Giants capture Game 1 of World Series from Tigers behind Pablo Sandoval, Barry Zito

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Pablo Sandoval went 4-for-4 with three home runs and Barry Zito yielded just one earned run in 5 2/3 innings as the Giants rocked and rolled to an 8-3 victory over the Tigers in Game 1 of the World Series on Wednesday evening in San Francisco.

Sandoval smashed a solo shot to right-center field in the bottom of the first inning, a two-run homer to left field in the bottom of the third and another solo bomb to right-center in the bottom of the fifth. He’s just the fourth player to homer three times in a World Series game — joining Babe Ruth, Reggie Jackson and Albert Pujols — and his three-homer performance was only the second such feat in the 12-year history of AT&T Park (regular season games included).

This from a guy who had just 12 regular-season home runs this year and a mediocre .812 career postseason OPS before the night began. Sandoval is now batting .270/.386/.778 in these 2012 playoffs.

The Tigers, meanwhile, couldn’t figure out Zito and had an even tougher time against Tim Lincecum, who struck out five of the seven batters he faced in relief while surrendering no hits and zero walks.

Detroit starter Justin Verlander entered his Game 1 outing boasting a 0.74 ERA in 24-plus innings this postseason, but he was lifted in the top of the fifth inning after giving up five earned runs on six hits.

The Giants will look to go up 2-0 on Thursday night when Madison Bumgarner faces Doug Fister.

Mets invite Tim Tebow to spring training

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Tim Tebow isn’t letting go of his major league dreams just yet. The former NFL quarterback is slated to appear with the Mets during spring training this year, extending what initially looked like an ill-fated career choice for at least one more season. Per the club’s official announcement on Friday, he’ll join a group of spring training invitees that includes top-30 prospects like Peter Alonso, P.J. Conlon, Patrick Mazeika and David Thompson.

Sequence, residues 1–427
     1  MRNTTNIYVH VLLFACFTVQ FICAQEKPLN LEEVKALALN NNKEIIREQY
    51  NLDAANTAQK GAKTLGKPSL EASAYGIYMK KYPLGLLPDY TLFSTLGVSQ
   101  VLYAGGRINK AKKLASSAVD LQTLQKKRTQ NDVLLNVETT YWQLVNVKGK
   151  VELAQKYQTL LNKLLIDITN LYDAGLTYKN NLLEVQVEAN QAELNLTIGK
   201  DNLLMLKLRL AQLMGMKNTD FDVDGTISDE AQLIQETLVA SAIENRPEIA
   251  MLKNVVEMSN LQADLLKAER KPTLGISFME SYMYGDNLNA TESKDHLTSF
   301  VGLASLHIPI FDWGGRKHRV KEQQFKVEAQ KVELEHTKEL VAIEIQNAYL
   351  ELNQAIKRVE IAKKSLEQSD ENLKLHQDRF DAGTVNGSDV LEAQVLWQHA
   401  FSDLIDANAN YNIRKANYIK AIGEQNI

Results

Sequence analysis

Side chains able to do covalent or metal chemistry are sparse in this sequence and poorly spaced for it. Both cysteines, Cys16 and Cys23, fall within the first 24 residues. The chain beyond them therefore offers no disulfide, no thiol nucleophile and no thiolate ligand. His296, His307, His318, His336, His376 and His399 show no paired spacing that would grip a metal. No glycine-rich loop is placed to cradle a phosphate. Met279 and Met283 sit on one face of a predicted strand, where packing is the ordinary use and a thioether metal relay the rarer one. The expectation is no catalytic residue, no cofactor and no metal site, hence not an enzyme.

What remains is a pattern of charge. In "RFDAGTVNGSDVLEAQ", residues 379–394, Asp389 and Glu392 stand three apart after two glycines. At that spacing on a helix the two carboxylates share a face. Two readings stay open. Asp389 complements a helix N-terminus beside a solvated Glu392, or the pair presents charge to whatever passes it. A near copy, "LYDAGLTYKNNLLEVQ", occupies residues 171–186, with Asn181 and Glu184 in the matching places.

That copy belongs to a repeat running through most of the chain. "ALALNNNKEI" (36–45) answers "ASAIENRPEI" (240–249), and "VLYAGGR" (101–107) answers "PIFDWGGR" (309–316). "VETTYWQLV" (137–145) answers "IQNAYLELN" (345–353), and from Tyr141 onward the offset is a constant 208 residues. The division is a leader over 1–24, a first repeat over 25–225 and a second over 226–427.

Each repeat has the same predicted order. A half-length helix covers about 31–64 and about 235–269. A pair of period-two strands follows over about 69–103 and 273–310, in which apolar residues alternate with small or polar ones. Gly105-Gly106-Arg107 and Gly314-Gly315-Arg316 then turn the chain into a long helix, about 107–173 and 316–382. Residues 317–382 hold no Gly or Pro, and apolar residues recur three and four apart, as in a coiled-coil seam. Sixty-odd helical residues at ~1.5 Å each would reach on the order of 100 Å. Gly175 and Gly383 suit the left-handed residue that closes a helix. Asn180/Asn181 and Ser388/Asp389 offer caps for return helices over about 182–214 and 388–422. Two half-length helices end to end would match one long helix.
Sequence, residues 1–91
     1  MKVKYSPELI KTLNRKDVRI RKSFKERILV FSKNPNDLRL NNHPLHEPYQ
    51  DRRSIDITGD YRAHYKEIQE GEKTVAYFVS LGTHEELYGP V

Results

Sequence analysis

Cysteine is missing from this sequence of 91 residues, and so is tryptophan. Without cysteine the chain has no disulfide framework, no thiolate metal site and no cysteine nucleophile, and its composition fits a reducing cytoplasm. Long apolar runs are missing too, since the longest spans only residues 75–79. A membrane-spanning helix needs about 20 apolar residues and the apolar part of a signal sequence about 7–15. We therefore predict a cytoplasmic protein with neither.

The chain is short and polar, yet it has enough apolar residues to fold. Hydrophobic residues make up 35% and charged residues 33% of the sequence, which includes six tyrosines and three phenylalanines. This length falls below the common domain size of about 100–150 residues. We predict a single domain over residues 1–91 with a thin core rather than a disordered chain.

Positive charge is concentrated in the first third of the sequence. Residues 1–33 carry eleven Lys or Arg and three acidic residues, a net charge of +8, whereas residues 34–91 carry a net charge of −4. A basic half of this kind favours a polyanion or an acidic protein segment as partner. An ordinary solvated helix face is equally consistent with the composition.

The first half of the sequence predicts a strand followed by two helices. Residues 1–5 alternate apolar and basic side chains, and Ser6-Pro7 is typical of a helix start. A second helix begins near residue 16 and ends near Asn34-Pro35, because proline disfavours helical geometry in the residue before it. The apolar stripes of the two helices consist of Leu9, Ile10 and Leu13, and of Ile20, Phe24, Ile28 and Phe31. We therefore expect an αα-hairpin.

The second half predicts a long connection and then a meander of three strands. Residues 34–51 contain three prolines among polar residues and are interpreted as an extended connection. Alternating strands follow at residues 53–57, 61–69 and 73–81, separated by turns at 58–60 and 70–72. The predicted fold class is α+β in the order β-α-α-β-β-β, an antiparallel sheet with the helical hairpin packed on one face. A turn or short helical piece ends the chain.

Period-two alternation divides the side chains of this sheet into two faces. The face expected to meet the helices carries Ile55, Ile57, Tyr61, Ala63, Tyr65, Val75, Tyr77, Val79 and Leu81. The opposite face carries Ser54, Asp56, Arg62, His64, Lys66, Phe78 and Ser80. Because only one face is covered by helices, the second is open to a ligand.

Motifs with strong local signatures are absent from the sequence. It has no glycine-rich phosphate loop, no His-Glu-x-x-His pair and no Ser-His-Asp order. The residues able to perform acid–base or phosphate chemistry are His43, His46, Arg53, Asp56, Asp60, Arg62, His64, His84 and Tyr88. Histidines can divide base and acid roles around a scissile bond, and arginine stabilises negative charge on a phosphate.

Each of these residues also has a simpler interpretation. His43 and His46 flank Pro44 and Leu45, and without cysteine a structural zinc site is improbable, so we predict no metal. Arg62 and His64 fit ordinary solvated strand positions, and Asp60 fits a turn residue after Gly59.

Tebow, 30, hasn’t taken to professional baseball as gracefully as expected. He batted a cumulative .226/.309/.347 with eight home runs and a .656 OPS in 486 plate appearances for Single-A Columbia and High-A St. Lucie in 2017. While that wasn’t enough to compel the Mets to give the aging outfielder a big league tryout, there’s no denying that Tebow brought substantial benefit to their minor league affiliates — in the form of increased attendance figures and ticket sales, that is.

Even after the Mets were booted from the NL East race last September, they resisted the idea of promoting Tebow for a late-season attendance boost of their own. That’s not to say they’re planning on taking the same approach in 2018; Tebow will undoubtedly get his cup of coffee in the majors at some point, but for now, a Grapefruit League tryout is likely as close as he’ll ever get to playing with the team’s big league roster on an everyday basis.